I was bit by the genealogy bug in the 1980’s, when as a teenager, I discovered a history book about the township where my paternal grandmother grew up. In it were her parents and her grandparents, family members I had only ever heard about but never met – the last one passed just a few months before I was born. I was fascinated by these family stories and knowing more about my history than “dad’s family is Finnish.”

Professionally, I’m a librarian. I used to pick up Sunday shifts at a neighboring library after I moved into management at my home library. The neighboring library subscribed to Ancestry Library Edition, so in between helping patrons, I’d search the databases for family history. At that point, I was only working on my dad’s side of the family – he was 100% Finnish and it turns out the Finns kept amazing historical records, most of which have been digitized, indexed and stored online. I’ve “met” a ton of cousins and filled in many gaps in my dad’s family going back to nearly 1500. Family names include Pohjola, Moilanen, Tauriainen, Kinnunen, Sorila, Heikkinen, Kemppainen.

I developed an interest in tracing my mom’s family history after interviewing both my mom and my maternal grandmother for a paper in my Women’s History class during my undergraduate studies. Mom’s family has proven to be a bit more tricky. DNA tells us that she’s 100% European Jewish, which we knew, but my grandparents’ ancestors hail from a variety of countries (Lithuania, Poland, “Russia,” Hungary) whose boundaries have changed over time. Family names include Kass, Scheinker (Sheynker, Shanker, Schenker), Taub, Weinstein, Klein, Fridsol, Marks.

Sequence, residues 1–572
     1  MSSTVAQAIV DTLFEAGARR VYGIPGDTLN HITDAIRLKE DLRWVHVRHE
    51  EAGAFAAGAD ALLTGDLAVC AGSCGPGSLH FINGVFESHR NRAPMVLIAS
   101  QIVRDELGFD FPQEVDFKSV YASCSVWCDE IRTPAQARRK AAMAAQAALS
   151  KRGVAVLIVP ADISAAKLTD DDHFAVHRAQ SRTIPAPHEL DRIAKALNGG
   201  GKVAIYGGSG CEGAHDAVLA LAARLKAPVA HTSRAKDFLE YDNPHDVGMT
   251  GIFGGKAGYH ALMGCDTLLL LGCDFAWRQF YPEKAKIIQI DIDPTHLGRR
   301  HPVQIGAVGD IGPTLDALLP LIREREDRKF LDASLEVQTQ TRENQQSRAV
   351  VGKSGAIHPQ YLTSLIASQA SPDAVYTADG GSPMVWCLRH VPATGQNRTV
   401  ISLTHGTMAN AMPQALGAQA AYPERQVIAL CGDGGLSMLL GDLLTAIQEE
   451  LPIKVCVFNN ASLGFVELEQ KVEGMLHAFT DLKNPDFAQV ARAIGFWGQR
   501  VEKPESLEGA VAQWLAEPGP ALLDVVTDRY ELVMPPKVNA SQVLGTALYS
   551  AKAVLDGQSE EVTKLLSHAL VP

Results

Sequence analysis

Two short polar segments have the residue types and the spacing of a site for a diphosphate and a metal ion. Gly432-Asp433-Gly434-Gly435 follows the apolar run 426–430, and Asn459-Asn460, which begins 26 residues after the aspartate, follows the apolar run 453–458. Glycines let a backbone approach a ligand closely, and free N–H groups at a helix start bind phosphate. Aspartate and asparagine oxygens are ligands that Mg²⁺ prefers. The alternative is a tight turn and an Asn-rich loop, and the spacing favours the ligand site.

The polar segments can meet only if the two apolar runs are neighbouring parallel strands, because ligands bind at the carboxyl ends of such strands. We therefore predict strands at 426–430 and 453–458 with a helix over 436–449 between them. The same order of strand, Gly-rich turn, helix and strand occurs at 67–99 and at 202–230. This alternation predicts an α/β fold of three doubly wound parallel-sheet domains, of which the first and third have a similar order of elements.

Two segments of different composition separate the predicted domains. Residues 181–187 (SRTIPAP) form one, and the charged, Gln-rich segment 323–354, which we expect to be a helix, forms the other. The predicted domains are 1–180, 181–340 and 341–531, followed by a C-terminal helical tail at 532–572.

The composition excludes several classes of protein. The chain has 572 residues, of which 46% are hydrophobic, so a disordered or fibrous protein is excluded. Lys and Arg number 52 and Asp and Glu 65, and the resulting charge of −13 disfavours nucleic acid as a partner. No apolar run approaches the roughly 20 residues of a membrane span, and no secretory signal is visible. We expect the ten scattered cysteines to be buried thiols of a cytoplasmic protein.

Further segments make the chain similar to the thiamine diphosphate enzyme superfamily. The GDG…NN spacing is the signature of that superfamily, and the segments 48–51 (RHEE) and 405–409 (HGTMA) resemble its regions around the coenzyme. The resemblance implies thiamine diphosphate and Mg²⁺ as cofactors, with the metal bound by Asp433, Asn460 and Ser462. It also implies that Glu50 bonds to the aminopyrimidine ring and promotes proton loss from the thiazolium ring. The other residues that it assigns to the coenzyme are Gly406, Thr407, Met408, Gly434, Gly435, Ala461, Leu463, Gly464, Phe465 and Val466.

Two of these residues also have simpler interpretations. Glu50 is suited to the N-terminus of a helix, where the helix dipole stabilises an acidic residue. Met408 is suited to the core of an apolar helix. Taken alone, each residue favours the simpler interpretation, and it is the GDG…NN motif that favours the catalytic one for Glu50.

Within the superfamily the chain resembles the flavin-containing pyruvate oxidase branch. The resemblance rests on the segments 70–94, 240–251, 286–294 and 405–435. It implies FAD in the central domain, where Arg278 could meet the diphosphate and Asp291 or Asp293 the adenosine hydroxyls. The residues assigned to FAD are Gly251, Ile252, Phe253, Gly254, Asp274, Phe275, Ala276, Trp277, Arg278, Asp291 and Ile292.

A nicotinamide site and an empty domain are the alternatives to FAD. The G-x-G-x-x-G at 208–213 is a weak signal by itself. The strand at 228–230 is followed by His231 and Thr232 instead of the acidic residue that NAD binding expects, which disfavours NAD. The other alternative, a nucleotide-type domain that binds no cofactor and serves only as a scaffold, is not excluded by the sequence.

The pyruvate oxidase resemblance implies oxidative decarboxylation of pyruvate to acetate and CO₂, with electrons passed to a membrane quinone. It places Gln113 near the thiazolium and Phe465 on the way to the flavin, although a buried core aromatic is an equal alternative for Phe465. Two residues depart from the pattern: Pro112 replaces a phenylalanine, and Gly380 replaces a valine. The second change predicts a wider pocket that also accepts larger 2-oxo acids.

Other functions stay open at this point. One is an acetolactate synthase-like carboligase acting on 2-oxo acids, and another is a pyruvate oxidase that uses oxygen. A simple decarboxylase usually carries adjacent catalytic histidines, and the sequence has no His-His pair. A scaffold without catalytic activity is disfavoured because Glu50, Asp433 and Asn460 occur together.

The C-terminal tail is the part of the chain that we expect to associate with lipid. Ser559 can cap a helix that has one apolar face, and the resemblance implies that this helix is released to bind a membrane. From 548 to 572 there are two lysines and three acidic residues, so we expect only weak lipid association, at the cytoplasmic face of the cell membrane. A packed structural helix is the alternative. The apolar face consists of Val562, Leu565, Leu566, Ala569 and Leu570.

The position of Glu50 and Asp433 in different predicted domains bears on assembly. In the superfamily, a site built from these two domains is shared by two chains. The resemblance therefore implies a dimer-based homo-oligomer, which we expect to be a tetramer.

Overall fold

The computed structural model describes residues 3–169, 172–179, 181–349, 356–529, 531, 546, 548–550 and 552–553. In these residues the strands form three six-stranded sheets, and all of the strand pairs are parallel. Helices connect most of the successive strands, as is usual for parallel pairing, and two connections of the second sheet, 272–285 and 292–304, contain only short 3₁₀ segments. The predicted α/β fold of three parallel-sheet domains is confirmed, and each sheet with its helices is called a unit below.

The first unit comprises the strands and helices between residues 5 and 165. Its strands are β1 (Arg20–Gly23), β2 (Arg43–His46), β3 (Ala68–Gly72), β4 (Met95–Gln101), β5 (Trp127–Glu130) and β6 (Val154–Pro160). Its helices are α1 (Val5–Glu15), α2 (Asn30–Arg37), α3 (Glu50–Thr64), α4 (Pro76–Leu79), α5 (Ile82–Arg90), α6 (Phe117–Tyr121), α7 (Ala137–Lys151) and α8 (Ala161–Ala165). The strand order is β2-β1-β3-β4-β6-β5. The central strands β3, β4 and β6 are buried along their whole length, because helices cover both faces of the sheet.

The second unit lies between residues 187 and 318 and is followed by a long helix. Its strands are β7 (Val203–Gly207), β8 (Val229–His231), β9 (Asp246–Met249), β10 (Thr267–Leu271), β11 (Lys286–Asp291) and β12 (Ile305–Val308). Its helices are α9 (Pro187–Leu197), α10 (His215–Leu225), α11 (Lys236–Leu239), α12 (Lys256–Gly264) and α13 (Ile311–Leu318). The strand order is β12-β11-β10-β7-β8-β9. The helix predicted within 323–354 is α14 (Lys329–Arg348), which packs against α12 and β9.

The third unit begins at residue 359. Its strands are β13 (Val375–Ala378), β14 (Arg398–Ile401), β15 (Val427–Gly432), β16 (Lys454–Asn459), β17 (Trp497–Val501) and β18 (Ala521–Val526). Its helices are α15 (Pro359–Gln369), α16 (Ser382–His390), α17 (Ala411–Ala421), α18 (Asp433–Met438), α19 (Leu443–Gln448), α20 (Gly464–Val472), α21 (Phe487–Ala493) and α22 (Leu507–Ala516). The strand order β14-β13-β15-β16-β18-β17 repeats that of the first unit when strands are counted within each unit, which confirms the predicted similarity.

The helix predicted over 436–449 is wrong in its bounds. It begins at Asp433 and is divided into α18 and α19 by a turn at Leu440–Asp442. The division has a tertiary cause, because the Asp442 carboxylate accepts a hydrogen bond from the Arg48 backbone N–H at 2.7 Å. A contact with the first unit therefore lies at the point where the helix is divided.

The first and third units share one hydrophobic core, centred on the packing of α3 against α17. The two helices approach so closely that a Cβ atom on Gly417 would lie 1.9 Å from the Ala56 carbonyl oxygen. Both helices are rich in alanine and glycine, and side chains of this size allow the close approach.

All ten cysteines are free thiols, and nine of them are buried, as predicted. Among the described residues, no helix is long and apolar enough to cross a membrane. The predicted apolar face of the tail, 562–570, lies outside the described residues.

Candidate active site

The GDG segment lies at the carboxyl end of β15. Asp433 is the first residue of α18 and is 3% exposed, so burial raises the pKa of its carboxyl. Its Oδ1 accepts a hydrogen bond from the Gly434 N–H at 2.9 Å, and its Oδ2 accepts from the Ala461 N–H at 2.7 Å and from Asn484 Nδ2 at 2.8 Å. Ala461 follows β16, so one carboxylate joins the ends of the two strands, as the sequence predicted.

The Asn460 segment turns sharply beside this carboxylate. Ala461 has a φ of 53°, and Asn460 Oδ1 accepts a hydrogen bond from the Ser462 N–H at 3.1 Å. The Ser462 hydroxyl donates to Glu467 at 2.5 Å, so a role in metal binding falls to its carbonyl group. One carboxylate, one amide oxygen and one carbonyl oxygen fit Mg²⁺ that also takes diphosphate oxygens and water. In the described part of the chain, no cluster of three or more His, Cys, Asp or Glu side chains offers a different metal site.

When I was pregnant with my daughter, I started tracing my husband’s family’s genealogy. I was curious about any potential Jewish ancestry, as the Inquisition hit Portugal and eventually even the Azores, where his family comes from. Family names include Andrade, Pacheco, Mota (da Mota, da Motta), Escaler, Medeiros, Botelho. So far, no Sephardim, but I’m having a blast learning about his family history and traditions, which are so very different from my own.

Over time, I will be adding confirmed information here, along with documentation and links to my confirmed tree(s). I’ve been greatly helped by the trees I’ve found online and feel it’s important to contribute what I can, too.